Judge Marian Drew has a hard decision to make, choosing a winner from 275 artworks.
Judge Marian Drew has a hard decision to make, choosing a winner from 275 artworks. ANDREW MORGAN

How judge tackles tough task in art awards

JUDGING the Rio Tinto Alcan Martin Hanson Memorial Art Awards won't be easy. Journalist Kirsten Cunningham asks judge, Associate Professor Marian Drew, how she does it.

What do you look for when judging the artwork?

I want to see a depth of understanding reflected in the artwork, in whichever medium the artist has chosen.

Having an individual voice is important, and as an audience I want to be engaged and affected.

How difficult is it to make a decision with so many mediums represented?

It's a challenge because there is so much work and so little time.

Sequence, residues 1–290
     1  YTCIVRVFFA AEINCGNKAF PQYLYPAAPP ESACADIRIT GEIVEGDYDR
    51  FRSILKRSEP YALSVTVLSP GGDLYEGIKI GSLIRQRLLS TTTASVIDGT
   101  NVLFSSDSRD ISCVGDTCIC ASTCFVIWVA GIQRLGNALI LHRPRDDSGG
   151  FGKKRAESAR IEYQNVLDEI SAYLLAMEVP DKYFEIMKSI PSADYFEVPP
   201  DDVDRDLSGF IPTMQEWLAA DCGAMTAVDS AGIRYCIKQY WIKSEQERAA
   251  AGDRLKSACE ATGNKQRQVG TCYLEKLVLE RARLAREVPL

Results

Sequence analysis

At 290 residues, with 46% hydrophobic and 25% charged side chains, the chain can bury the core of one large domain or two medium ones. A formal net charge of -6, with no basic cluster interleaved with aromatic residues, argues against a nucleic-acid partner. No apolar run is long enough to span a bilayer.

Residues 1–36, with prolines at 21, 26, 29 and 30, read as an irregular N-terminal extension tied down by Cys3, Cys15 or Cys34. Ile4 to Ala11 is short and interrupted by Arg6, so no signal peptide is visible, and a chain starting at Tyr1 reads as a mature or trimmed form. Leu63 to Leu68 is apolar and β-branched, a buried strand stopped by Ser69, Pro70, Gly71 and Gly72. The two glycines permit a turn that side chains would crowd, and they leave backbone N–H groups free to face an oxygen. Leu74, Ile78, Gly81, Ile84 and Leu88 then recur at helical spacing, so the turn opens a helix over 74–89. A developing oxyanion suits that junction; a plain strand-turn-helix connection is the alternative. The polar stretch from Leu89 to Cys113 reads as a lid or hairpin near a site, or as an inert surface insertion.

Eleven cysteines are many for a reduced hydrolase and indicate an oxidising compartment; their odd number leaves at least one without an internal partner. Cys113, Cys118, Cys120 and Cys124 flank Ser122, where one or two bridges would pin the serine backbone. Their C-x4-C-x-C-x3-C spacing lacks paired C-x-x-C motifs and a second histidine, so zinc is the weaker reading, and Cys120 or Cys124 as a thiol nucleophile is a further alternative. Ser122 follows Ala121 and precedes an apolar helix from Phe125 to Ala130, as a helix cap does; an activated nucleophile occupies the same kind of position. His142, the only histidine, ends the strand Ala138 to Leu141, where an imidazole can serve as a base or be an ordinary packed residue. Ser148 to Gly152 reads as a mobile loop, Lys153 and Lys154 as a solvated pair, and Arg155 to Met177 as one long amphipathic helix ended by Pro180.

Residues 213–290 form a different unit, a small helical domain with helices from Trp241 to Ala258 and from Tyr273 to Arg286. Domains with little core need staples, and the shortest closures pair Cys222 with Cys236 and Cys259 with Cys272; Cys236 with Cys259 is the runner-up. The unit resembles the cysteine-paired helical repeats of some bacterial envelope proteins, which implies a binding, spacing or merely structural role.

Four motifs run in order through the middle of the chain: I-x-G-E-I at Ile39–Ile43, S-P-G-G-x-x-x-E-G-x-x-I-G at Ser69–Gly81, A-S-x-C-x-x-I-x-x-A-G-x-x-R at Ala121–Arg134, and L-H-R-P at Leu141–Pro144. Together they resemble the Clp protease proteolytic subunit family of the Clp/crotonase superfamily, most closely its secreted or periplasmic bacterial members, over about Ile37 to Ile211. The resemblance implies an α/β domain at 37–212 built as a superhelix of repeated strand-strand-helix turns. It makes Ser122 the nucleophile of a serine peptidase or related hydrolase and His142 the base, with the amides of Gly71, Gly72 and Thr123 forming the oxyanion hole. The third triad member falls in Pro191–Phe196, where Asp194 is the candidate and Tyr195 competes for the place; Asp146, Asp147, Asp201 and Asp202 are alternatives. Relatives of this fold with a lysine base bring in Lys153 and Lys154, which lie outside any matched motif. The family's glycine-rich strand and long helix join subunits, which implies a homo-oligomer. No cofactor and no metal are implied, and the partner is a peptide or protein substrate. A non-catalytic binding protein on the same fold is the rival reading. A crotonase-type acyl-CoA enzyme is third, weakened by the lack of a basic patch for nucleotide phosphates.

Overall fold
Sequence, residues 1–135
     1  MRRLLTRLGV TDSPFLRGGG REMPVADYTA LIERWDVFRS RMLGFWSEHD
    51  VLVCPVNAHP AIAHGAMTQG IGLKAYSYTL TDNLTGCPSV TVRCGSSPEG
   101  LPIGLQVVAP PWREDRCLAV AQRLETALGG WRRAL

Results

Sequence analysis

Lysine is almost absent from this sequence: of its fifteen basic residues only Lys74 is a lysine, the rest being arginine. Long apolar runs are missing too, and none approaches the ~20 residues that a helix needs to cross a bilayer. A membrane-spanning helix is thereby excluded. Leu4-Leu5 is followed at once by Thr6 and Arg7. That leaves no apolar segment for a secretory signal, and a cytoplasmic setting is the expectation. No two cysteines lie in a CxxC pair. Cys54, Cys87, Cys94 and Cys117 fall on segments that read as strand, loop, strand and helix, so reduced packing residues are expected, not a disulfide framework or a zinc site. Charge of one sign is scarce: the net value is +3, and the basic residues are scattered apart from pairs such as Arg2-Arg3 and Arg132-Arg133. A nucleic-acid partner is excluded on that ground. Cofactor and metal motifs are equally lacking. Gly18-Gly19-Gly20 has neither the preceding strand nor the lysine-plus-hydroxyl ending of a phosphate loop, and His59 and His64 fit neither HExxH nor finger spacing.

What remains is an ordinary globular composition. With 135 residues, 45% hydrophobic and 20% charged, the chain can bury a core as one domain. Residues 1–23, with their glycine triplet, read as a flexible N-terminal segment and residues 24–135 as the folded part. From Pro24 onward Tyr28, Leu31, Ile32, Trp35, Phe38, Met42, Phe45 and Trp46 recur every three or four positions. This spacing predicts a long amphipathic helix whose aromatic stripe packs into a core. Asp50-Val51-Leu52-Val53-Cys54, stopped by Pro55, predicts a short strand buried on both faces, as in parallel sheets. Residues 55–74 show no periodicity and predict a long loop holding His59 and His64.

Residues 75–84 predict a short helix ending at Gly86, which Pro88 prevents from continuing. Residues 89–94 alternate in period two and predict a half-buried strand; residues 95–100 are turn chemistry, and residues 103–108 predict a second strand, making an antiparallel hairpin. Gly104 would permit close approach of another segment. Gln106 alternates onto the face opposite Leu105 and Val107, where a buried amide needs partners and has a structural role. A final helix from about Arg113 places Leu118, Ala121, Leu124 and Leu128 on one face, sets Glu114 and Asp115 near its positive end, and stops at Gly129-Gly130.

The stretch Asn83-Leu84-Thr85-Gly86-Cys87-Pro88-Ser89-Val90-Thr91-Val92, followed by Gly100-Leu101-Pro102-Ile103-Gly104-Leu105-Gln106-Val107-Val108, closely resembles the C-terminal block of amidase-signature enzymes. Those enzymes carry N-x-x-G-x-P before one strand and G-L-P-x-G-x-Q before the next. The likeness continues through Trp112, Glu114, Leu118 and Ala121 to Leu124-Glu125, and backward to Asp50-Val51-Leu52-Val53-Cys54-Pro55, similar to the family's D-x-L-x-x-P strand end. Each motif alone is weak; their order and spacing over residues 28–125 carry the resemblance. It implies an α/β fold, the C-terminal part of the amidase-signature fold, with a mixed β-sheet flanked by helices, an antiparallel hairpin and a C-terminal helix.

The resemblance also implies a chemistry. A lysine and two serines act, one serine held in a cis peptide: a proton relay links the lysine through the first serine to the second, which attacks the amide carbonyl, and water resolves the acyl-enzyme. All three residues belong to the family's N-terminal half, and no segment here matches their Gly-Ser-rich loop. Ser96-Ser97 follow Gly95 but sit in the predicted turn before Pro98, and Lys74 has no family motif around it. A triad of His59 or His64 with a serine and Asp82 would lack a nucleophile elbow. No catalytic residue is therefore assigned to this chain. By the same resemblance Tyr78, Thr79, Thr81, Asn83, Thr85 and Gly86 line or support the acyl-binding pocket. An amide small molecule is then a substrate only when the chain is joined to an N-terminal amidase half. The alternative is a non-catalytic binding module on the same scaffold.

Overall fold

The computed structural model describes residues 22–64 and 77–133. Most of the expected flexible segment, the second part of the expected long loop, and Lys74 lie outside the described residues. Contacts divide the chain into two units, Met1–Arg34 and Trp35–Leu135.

But having more time might not make it easier.

A work always has to live on its own and speak to an audience, even when it is in a space with other art like this.

How have you prepared?

I trust that my experience and process will do the work justice.

I have been assessing masters and doctoral artworks at Griffith University for the past few weeks and feel it has put me in training to judge this award.

I do have a process. I collect responses, make lists, layer the responses, and revisit it.

It is a rigorous process that takes time and hard work.

Do you like what you see?

I'm really enjoying the amount of colour and sense of humour in this exhibition.

There is a vibrancy and desire to express colour that seems to come from living in bright, colourful central Queensland.

Colour is not always evident in exhibitions, and for example in Europe, you wouldn't see this range of colour.

There is evidence that people have found the pleasure in the world around them.

By the numbers:

  • $15,000 first prize
  • $34,500 total prize money
  • More than 300 entries
  • 275 selected artists
  • 60% of works are local
  • 1 judge
  • 20 sponsors


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